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image SM (172) 49/2/7

Reference number

SM (172) 49/2/7

Purpose

Working drawing for the Privy Council Offices, May 1825

Aspect

172 Plan of the Basement Story

Scale

bar scale of 1/6 inch to 1 foot

Inscribed

as above, The New Council Offices, labelled: Wall, Door, The Centre of these Windows to / correspond with those of the Board Room of the Board of Trade, equal (twice) and dimensions given

Signed and dated

  • Lincolns Inn Fields / 25th May 1825 and 5th Decr 1825

Medium and dimensions

Pen, pink and blue washes, pricked for transfer on wove paper with one fold mark (702 x 524)

Hand

Charles James Richardson (1809-71, pupil and assistant 1824-1837)

Watermark

Smith & Allnutt 1820

Notes

It is unclear why the drawing has been dated twice, but perhaps the later date refers to the part of the building on Downing Street.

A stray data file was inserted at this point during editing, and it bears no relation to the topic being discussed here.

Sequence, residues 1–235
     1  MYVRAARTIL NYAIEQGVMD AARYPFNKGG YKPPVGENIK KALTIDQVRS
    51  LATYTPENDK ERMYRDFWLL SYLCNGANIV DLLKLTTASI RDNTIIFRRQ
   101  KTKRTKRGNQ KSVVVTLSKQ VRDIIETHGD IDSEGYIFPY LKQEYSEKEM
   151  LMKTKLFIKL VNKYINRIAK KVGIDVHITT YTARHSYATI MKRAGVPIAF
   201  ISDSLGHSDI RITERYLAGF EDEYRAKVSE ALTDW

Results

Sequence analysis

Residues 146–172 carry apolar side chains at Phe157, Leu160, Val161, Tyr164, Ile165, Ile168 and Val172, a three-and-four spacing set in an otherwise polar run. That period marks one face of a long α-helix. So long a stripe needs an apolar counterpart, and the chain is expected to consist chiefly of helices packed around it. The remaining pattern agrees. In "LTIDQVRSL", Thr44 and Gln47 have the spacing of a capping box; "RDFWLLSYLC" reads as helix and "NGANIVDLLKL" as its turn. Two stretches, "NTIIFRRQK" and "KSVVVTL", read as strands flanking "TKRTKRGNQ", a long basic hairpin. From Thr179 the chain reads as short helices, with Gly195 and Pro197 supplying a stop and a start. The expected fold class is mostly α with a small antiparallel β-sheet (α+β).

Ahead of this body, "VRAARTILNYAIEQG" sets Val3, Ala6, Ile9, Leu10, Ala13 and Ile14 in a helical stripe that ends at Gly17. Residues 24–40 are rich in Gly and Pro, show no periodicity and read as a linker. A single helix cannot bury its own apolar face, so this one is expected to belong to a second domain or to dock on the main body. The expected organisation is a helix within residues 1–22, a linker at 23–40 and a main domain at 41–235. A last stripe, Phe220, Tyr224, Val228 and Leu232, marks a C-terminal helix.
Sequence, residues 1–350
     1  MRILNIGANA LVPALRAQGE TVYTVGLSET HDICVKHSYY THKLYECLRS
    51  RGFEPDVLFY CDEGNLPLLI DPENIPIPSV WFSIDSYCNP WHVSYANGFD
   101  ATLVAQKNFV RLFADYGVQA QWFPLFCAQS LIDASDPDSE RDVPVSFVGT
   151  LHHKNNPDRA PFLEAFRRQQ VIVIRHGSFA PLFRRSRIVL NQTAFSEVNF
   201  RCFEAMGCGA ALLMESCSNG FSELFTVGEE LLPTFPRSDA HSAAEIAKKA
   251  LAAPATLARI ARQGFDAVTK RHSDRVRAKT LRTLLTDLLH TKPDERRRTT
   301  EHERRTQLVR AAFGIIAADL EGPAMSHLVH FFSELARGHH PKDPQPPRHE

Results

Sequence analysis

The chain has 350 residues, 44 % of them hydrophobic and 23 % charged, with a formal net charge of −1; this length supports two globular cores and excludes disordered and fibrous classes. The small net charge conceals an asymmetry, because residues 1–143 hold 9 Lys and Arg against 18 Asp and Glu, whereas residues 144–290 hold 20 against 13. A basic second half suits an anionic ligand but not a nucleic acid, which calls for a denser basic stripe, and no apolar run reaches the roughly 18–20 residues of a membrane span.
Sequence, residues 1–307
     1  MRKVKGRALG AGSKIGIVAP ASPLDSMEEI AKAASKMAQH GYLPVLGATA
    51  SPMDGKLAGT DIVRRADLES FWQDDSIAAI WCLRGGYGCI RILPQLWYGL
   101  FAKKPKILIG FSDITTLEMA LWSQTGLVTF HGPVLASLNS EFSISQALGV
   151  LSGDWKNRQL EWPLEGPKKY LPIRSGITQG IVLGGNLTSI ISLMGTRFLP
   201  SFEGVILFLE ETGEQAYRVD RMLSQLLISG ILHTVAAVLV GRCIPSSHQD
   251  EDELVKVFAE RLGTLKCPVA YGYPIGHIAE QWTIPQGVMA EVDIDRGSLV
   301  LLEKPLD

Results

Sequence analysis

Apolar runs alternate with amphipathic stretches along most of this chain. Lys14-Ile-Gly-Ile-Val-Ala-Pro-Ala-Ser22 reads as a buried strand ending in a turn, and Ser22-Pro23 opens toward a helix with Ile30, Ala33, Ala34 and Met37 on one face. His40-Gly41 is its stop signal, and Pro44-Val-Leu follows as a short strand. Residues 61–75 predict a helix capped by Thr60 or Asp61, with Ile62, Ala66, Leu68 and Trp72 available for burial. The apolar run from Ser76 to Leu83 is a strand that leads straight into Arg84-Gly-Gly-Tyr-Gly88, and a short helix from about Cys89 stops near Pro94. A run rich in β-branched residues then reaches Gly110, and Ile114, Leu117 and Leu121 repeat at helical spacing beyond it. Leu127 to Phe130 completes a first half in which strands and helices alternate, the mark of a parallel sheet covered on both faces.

Level

Drawing

Digitisation of the Drawings Collection has been made possible through the generosity of the Leon Levy Foundation

If you have any further information about this object, please contact us: drawings@soane.org.uk

Sir John Soane's collection includes some 30,000 architectural, design and topographical drawings which is a very important resource for scholars worldwide. His was the first architect’s collection to attempt to preserve the best in design for the architectural profession in the future, and it did so by assembling as exemplars surviving drawings by great Renaissance masters and by the leading architects in Britain in the 17th and 18th centuries and his near contemporaries such as Sir William Chambers, Robert Adam and George Dance the Younger. These drawings sit side by side with 9,000 drawings in Soane’s own hand or those of the pupils in his office, covering his early work as a student, his time in Italy and the drawings produced in the course of his architectural practice from 1780 until the 1830s.

Browse (via the vertical menu to the left) and search results for Drawings include a mixture of Concise catalogue records – drawn from an outline list of the collection – and fuller records where drawings have been catalogued in more detail (an ongoing process).